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Nicene Christianity

Icon depicting Emperor Constantine (center) and the Church Fathers of the First Council of Nicaea of 325 as holding the Niceno–Constantinopolitan Creed of 381

Nicene Christianity is a set of Christian doctrinal traditions which reflect the Nicene Creed, which was formulated[1] at the First Council of Nicaea in AD 325 and amended at the First Council of Constantinople in AD 381.[2]


The main rival doctrine of Nicene Christianity at the time of Nicaea, Arianism, became eclipsed during the 7th century AD with the conversion of the Gothic kingdoms to Nicene Christianity. The main points of dissent centered on Christology. Nicene Christianity regards Christ as divine and co-eternal with God the Father, while Arian Christianity treated Christ as the first created being and inferior to God the Father. Other non-Nicene currents have been considered heresies since the early medieval period.[3][failed verification]

Present-day mainstream Christian Churches - including all of the Catholic, Eastern Orthodox, Oriental Orthodox, Assyrian and Ancient Churches, Lutheran and Anglican churches, together with most Protestant denominations - adhere to the Nicene Creed and thus exemplify Nicene Christianity.

Chalcedonian Christianity forms a large subset of Nicene Christianity. In addition to subscribing to the Nicene Creed, Chalcedonian Christians also subscribe to the decisions of the First Council of Ephesus in AD 431 and of the Council of Chalcedon in AD 451. The great majority of Nicene Christians are also Chalcedonian Christians. However, some portions of Eastern Christianity such as the Oriental Orthodox Churches and historically the Church of the East adhere to the Nicene Creed but not to the Chalcedonian Definition and are therefore part of Nicene Christianity but non-Chalcedonian. (The Church of the East also rejected the outcome of the 431 Council of Ephesus.[4])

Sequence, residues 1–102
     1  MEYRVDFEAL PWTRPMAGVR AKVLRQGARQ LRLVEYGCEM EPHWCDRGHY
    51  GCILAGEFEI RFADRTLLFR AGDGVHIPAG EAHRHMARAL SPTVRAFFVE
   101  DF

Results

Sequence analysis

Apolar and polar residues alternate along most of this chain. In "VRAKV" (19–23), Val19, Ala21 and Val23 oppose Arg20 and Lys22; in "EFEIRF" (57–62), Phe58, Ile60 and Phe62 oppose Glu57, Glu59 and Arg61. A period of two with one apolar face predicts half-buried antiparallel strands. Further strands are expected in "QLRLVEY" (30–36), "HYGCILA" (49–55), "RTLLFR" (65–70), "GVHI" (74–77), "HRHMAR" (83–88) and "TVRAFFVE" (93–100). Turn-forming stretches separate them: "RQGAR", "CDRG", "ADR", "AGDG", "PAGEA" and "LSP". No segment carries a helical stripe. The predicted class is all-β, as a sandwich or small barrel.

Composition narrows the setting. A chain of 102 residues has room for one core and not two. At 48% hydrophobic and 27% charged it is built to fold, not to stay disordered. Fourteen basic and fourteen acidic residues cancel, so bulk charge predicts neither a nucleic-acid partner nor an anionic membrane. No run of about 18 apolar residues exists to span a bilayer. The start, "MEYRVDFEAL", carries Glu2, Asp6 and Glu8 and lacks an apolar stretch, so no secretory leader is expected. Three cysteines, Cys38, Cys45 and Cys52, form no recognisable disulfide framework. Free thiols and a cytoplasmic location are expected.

Examples of non-Nicene Christianity today include the various either Protestant or non-Protestant non-trinitarian groups like most of the Latter Day Saint movement (with the exception of the Nicene Mormon group the Community of Christ - formerly known as the Reorganized Church of Jesus Christ of Latter Day Saints), the Unitarian Church of Transylvania and the Oneness Pentecostals.

See alsoEdit


  1. ^ "Nicene Creed". Encyclopædia Britannica. Retrieved 24 October 2015.
  2. ^ "Our Statement of Faith: The Nicene Creed". St. Cyril of Jerusalem Orthodox Church. Retrieved 24 October 2015. The Creed was formally drawn up by the Church back in 325 AD and 381 AD after great controversies developed in Christendom about the nature of the Son of God and the Holy Spirit [...].World Encyclopaedia of Interfaith Studies: World religions. World Encyclopaedia of Interfaith Studies, Swami Anand Siddhartha, ISBN 8171392776, 9788171392773. 3. New Delhi: Jnanada Prakashan (P&D). 2009. p. 733. ISBN 9788171392803. Retrieved 16 Mar 2019. In the most common sense, 'mainstream' refers to Nicene Christianity, or rather the traditions which continue to claim adherence to the Nicene Creed.
  3. ^ "Nicene Creed". Encyclopædia Britannica. Retrieved 24 October 2015.
  4. ^ Spinks, Bryan D. (2013). "6: The Syriac Liturgical Traditions". Do this in Remembrance of Me: The Eucharist from the Early Church to the Present Day. SCM Studies in Worship and Liturgy Series. London: SCM Press. p. 141. ISBN 9780334043768. Retrieved 16 Mar 2019. The Church of the East [...] did not accept the Councils of Ephesus (431) and Chalcedon (451) [...]

Further readingEdit